Orecchiette with Andouille Sausage and Pesto Chipotle Sauce

Orecchiette with Andouille Sausage and Pesto
Using Italian ingredients makes for a delectable meal, and pasta orecchiette is no exception. Orecchiette according to Recipes Wikia, is a pasta typical of the Apulia (Italian: Puglia) region of Southern Italy.
Orecchiette Pasta - uncooked

The shape of the pasta is what gives it, its name. The pasta resembles a small ear.

In Italian, the word “orecchio” means “ear”, and the suffix ‘etto’ means ‘small’. The pronunciation of Orecchiette is : ohr-ay-KYEHT-ee.

In another article we noted that Andouille Sausage is thanks to French cuisine. The sausage is double smoked pork, that is once the meat is prepared it is smoked, then put into a sausage casing and smoked again.

Our featured recipe is actually a mix of two pasta recipes, which are Pesto Orecchiette with Chicken Sausage and Gluten Free Creamy Pesto Fettuccine (click links to view recipes).

Now for our featured recipe Orecchiette with Andouille Sausage and Pesto Chipotle Sauce, and here is what you will need.

16 ounces of cooked orecchiette

2 Andouille sausage links, about ½ pound, sliced

3/4 cup fresh basil pesto (link here for recipe – History of Pesto Sauce)

2 teaspoons chipotle peppers in adobo sauce

15 symphony cherry tomatoes (about), sliced in half to measure 1 cup

1 pound green beans, trimmed, cut in half

Prepare basil pesto, and add the 2 teaspoons of adobe sauce to one cup of the pesto (get ingredients by following link above). Or if you are using your favorite store bought brand (preferably in a jar) remove one cup and mix in the adobe sauce. Set prepared pesto aside.

If you have any left over basil pesto sauce, store in a glass jar and pour a thin layer of olive oil over top of pesto to keep it from browning, and place a lid on jar and tighten. The pesto should keep in cooler for 7 to 10 days. Pesto sauce makes a great spread for sandwiches as well.

fresh green beans and cherry tomatoesPrepare green beans and symphony of cherry tomatoes and set aside.

adding greens beans to pot of  boiling water with Orecchiette pastaCook pasta according to package instructions. Last three minutes of cooking time for pasta, add prepared green beans.

cooked Orecchiette and green beansDrain, but do not rinse. Set aside.

adding Andouille to pastaSlice sausage into 1/2 inch slices. Heat a large skillet over medium heat, add a tablespoon of olive oil, add meat and move about until heated through, about 5 minutes. Remove from pan.

In the same large skillet, add the pasta green bean mix, the cup of pesto, sausage, and mix until coated with pesto chipotle sauce.

Orecchiette with Andouille Sausage and Pesto

Plate and serve.

 

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Gluten Free Creamy Pesto Fettuccine

Gluten Free Creamy Pesto Fettuccine

I like going to the Kona Grill here in town. They make the best Apple Walnut Bread Pudding and a wonderful Macadamia Chicken Salad. My favorite though is their Basil Pesto Linguine. I did adventure into the kitchen and used my cooking skills to try and mimic the dish (I posted it here: Basil Pesto Linguine). It came out pretty good, though it still needed something. So back to Kona Grill I went.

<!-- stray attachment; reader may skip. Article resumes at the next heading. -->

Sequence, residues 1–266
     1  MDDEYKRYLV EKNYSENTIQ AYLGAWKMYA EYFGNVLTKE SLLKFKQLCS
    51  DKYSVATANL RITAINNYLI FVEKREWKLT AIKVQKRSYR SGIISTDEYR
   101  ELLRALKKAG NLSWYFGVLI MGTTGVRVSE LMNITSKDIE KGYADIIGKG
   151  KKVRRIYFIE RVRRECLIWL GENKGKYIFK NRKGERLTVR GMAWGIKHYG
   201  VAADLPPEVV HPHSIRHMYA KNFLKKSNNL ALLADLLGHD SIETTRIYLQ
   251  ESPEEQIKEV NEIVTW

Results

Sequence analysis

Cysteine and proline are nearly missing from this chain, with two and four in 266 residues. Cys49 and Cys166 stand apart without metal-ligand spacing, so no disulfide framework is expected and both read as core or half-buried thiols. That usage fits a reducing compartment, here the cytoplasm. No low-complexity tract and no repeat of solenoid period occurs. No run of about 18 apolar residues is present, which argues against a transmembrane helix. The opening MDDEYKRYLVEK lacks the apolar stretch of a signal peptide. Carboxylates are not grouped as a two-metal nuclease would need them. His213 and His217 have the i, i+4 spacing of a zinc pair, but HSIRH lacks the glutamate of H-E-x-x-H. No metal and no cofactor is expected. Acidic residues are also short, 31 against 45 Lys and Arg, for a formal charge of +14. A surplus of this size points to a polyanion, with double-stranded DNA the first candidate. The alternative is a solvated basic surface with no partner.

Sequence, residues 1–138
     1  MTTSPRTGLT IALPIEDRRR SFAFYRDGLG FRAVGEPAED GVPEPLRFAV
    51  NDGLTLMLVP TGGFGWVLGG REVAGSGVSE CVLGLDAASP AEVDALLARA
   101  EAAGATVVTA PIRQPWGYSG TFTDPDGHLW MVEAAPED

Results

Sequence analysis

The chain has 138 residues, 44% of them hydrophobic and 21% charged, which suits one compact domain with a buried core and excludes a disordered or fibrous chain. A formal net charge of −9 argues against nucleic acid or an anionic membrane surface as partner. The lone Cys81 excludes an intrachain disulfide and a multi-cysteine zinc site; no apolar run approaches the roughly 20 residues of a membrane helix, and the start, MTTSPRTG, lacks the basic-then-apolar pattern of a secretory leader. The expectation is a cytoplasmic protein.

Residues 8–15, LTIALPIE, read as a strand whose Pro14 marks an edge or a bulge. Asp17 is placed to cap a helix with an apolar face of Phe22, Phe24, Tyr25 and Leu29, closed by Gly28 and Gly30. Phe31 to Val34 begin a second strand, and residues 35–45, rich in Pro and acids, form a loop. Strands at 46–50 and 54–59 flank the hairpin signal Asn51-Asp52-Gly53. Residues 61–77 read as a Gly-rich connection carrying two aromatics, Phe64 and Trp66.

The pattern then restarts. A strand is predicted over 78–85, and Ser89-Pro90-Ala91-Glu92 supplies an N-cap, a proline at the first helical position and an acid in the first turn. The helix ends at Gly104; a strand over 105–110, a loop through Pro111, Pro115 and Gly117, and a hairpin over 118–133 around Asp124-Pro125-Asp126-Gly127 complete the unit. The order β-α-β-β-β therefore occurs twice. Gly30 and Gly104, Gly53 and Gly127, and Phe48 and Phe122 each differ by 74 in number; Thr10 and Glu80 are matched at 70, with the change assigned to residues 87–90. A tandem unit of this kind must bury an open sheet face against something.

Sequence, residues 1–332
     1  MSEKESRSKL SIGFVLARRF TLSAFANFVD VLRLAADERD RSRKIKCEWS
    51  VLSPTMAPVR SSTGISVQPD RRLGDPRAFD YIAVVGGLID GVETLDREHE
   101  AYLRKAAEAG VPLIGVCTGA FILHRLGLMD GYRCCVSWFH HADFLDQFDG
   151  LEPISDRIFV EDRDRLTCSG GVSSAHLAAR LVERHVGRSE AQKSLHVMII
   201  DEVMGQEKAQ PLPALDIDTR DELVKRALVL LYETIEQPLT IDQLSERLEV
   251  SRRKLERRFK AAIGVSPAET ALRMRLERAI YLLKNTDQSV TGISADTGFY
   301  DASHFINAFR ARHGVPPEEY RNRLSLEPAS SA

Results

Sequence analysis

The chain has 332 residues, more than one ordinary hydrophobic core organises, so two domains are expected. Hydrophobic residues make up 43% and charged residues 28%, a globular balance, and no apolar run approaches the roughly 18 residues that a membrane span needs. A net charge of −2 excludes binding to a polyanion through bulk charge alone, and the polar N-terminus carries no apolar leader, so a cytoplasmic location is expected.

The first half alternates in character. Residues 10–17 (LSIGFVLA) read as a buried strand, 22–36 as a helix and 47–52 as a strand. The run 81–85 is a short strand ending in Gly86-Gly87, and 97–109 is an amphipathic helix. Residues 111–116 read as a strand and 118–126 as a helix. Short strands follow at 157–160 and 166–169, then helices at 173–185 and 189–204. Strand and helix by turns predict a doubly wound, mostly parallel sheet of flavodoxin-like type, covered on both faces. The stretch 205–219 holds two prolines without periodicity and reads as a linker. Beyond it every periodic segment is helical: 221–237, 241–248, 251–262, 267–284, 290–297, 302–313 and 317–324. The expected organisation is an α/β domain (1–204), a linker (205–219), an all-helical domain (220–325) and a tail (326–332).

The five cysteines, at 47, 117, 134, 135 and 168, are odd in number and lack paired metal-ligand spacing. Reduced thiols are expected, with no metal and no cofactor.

This time I was fortunate, as the manger came by my table and asked how our food was. I told her that I had tried my hand at making this dish, but it still needed something. She told me the pesto sauce contained chipotle peppers in adobo sauce as well. Then she said that is all she could say. But for me that was enough.

Play the video to get a glimpse at the finished dish. Though we did forget to put the small cherry tomatoes, we did even miss them, As the recipe had the same flavor as the Kona Grill. This time though I used gluten free fettuccine pasta.

Here is what you will need for the featured recipe.

16 ounces of cooked gluten free Fettuccine

1 lb. of chicken breasts, about 2, skinless and boneless

2 Andouille sausage links, about ½ pound

Can of Chipotle Peppers in Adobe Sauce½ cup fresh basil pesto (link here for recipe – History of Pesto Sauce)

1 teaspoon chipotle peppers in adobo sauce

1/3 cup heavy cream

15 cherry tomatoes (about), sliced in half to measure 1 cup (optional)

Cook gluten free fettuccine according to package instructions.

Preheat oven to 350 degrees

Meantime, while chicken is a little frozen, slice chicken breasts horizontally 2 to 3 times, depending on thickness of the breast meat. Cut slices into 1-inch chunks. Place cut chicken onto a baking sheet and place in heated oven for 15 to 20 minutes or until chicken is oblique in color and no longer pink.

Next add pesto to a small bowl and mix in adobo sauce and heavy cream, and set aside.

Cooked chciken and andouille sausage with creamy pesto

Place a large frying pan over medium heat and add 2 tablespoons of extra virgin olive oil. Next slice links down the middle and remove meat from casings and place into pan and start moving meat around with a spatula, so meat falls apart into small chunks.

Now add cooked chicken, and mix in with sausage. Next add pesto – chipotle sauce and mix in.

Prepared Gluten Free Creamy Pesto Fettuccini in a large ceramic coated  pan

Next add cook gluten free pasta, and mix till well incorporated.

Gluten Free Creamy Pesto FettuccinePlace pasta onto a serving platter, then plate and serve.

 

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Basil Pesto Linguine

Basil Pesto Linguine - plated

This recipe uses an Andouille sausage, which has its origins in Brittany, France. It is a smoked meat using pork. It is a sausage that is used in the Louisiana Creole culture. It is a sausage much like the Mexican or Spanish chorizo, as some Andouille sausage makers also use the gastrointestinal system of the pig,

Andouille is made from smoked pork, garlic, pepper, onions, wine, and seasonings. Most Andouille is made from a Boston Butt roast. The sausage is doubled smoked, as once the casing is stuffed, it is smoked again. Andouille is not a high fat sausage, with lots of pepper flavor, though it has a slight heat to it.

We used an all organic Andouille, fresh stuffed casing, purchased at our local Whole Foods Market. Let’s get started with preparing our featured recipe: Basil Pesto Linguine and here is what you will need.

16 ounces of cooked linguine

1 lb. of chicken breasts, about 2, skinless and boneless

2 Andouille sausage links, about ½ pounds

½ cup fresh basil pesto (link here for recipe – History of Pesto Sauce)